# Need help with solving linear transformation

If T: P1 -> P1 is a linear transformation such that T(1 + 2x) = 4 + 3x and T(5 + 9 x) = -2 - 4x, then T(4 - 3 x) =?

I started off with expressing (4-3x) as a linear combination of the two other polynomials:

c1(1+2x) + c2(5+9x) = 4-3x.

I then solved the equation with gauss, which gave me: c1 = -42 and c2= 23. To solve the equation i continued with: T(4-3x) = { T(-42)(1+2x) + 23(5+9x)}.

This is where I am stuck though. How do I proceed to figure out what's on the right hand side of T(4-3x)?

• You use the fact that $T$ is linear. By the way, your computations are wrong. – José Carlos Santos Dec 15 '18 at 14:41
• So I guess that the values I got after solving the equation was wrong, if that's what you mean. No matter how many times I try to gauss-eliminate, I still get -42, 23. – wznd Dec 15 '18 at 14:48
• But you should have got $c_1=-51$ and $c_2=11$. – José Carlos Santos Dec 15 '18 at 14:53
• Since $T$ is linear, you might want to understand it as a 2x2 matrix. In this sense, one has $T(1+2x)=T(1)+2T(x)$, where $1$ could be the unit vector in the first direction and $x$ the unit vector perpendicular to it.. You only need to understand $T(1)$ and $T(x)$. If I am not wrong, you should get $T(1)=-40-35x$ and $T(x)=22+19x$. Now you need to figure out, how to combine this to get $T(4-3x)$. – Caroline Dec 15 '18 at 14:56
• Which I don't exactly understand, I've done it by hand and tried out several websites aswell and they all get the same result. My matrix: ( 1, 2 ,4 ) ( 5, 9 ,-3). The second paranthesis should be below the first, as a regular matrix, but I don't know how to do that in comments. – wznd Dec 15 '18 at 14:56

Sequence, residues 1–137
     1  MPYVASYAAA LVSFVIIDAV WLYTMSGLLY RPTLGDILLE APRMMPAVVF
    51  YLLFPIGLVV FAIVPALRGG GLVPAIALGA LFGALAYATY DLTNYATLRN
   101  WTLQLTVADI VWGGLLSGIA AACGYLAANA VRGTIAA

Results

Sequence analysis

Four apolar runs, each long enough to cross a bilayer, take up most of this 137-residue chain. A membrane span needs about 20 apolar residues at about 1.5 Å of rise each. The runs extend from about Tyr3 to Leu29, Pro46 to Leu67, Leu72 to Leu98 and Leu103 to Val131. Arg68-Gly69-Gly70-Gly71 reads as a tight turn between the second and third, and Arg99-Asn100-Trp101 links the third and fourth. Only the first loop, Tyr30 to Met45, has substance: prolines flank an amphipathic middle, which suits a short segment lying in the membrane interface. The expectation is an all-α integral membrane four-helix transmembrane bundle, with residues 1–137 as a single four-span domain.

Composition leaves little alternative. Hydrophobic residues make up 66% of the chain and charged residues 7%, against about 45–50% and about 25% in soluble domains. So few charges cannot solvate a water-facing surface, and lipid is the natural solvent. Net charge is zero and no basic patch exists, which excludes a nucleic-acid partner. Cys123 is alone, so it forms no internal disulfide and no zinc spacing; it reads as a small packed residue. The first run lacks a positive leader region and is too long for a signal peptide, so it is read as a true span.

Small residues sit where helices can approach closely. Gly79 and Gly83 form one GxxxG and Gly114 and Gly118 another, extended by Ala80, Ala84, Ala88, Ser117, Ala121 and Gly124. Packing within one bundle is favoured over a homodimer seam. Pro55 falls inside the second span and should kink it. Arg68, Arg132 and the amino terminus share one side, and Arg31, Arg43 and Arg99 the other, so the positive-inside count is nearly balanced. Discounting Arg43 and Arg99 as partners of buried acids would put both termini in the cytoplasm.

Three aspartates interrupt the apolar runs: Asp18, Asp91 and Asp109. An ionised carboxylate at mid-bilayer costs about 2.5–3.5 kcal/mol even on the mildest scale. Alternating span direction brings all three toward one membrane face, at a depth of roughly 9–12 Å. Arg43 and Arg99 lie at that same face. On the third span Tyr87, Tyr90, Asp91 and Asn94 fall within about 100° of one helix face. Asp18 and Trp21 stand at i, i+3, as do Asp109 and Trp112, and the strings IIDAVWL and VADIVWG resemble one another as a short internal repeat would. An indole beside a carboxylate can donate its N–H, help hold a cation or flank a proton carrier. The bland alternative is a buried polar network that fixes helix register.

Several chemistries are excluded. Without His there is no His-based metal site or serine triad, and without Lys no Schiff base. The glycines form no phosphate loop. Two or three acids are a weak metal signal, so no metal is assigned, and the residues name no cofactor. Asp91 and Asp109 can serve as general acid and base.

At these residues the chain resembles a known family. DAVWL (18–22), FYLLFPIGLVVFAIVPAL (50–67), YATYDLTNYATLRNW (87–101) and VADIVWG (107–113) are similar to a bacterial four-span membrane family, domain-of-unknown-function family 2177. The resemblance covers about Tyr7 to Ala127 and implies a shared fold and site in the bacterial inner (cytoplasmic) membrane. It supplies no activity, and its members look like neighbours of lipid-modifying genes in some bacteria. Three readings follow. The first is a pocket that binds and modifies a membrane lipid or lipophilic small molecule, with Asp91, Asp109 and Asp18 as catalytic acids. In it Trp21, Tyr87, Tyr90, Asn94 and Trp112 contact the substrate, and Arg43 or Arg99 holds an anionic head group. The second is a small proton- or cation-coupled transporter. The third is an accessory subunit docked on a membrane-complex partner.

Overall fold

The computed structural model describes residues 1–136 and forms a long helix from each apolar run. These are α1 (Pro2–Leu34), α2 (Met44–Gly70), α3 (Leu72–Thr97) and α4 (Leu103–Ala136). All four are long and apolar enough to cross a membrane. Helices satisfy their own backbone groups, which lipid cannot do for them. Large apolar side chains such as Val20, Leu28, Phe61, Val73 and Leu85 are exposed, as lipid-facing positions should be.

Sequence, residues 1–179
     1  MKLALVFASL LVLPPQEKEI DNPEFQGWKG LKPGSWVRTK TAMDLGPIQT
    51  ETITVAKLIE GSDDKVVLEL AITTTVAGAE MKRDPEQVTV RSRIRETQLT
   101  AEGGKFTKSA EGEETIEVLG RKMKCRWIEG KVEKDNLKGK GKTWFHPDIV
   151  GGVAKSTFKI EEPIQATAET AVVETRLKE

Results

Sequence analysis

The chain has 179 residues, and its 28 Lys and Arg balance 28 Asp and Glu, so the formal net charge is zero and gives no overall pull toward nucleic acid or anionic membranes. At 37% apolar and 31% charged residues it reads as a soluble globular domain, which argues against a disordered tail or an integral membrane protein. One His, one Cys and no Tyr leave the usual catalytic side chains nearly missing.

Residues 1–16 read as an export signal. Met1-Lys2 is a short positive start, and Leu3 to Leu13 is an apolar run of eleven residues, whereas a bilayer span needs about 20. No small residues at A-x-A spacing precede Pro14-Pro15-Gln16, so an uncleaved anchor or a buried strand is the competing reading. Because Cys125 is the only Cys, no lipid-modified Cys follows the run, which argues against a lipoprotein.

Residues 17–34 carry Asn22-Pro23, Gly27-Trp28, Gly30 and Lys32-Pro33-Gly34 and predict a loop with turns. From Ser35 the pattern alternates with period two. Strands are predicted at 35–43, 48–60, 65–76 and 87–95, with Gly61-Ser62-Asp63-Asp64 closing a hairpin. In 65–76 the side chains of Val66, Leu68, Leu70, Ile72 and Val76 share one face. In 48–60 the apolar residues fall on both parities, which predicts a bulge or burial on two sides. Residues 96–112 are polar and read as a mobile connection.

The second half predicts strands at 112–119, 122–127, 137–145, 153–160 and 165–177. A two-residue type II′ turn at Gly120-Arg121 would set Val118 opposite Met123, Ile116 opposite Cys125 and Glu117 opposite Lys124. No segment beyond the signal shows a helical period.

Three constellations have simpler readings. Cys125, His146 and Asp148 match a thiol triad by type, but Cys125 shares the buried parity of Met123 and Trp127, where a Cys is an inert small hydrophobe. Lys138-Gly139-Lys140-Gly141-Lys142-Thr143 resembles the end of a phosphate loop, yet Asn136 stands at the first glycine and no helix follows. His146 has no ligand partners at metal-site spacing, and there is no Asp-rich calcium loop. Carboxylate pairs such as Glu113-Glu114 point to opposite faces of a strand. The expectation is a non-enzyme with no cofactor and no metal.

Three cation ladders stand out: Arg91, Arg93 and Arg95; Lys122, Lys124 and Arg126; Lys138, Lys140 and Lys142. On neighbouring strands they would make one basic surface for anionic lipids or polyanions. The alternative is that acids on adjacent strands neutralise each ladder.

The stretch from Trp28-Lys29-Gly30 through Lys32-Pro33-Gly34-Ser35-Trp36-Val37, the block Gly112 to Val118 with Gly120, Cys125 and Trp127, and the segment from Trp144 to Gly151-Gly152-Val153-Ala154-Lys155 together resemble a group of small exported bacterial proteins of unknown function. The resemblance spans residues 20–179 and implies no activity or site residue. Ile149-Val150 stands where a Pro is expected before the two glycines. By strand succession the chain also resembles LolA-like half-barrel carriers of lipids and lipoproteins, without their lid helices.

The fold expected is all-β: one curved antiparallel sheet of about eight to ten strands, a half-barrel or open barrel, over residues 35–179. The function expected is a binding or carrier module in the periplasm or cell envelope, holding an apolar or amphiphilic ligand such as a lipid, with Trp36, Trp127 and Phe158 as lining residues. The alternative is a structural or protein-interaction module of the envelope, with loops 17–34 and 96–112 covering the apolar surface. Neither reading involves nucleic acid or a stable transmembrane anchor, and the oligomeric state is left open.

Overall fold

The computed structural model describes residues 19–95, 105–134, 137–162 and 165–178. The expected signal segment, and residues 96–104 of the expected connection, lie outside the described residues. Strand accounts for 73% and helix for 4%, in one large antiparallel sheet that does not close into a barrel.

The linear map $$T$$ can be understood as 2x2 matrix in the following sense. Take the canonical basis in $$P_1$$, that is: $$B=\{1,x\}$$ (why is this a basis?) Then the linear map $$T$$ is fully defined by defining the image of $$T$$ of the elements of $$B$$. That is, we need to understand $$T(1)$$ and $$T(x)$$. Let me try to clearify this. Since any element of $$P_1$$ can be written as linear combination of $$1$$ and $$x$$ in a unique way, we may identify \begin{align} p=a+bx = a (1) + b(x) \longleftrightarrow p = \begin{pmatrix} a\\b \end{pmatrix}. \end{align} Now we can write \begin{align} T(4-3x) = \begin{pmatrix} T_{11} & T_{12}\\T_{21}&T_{22}\end{pmatrix} \begin{pmatrix} 4\\-3 \end{pmatrix}. \end{align} Now we need to compute all the $$T_{ij}$$s. Lets start! We are given $$T(1+2x)=4+3x$$ and $$T(5+9x)=-2-4x$$. In our notation, this means: \begin{align} \begin{pmatrix} T_{11} & T_{12}\\T_{21}&T_{22}\end{pmatrix} \begin{pmatrix} 1\\2 \end{pmatrix} = \begin{pmatrix} 4\\3 \end{pmatrix} \text{ and }\begin{pmatrix} T_{11} & T_{12}\\T_{21}&T_{22}\end{pmatrix} \begin{pmatrix} 5\\9 \end{pmatrix} = \begin{pmatrix} -2\\-4 \end{pmatrix} \qquad \qquad (\ast) \end{align} The upper two lines of these equations read \begin{align} T_{11}+2T_{12}=4 \text{ and }5T_{11}+9T_{12}=-2. \end{align} Do Gauß here, or invert the matrix (whatever you like more)! You should find $$T_{11}=-40$$ and $$T_{12}=22$$. Analogously, you proceed to find $$T_{21}=-35$$ and $$T_{22}=19$$ (using the lower two equations from ($$\ast)$$. If you have done this, you have full knoledge of $$T$$. The answer to you question then simply reads \begin{align} T(4-3x) = \begin{pmatrix} T_{11} & T_{12}\\T_{21} & T_{22}\end{pmatrix}\begin{pmatrix}4\\-3 \end{pmatrix} = (4T_{11} -3T_{12}) + (4T_{21}-3T_{22})x = -226-197x. \end{align} I left out the Gauß part, so you can practice (I hope that is ok). Note, that one should be more careful with equality signs, but I chose to ignore this ('canonical' isomorphism between $$\mathbb{R}^2$$ and $$P_1$$.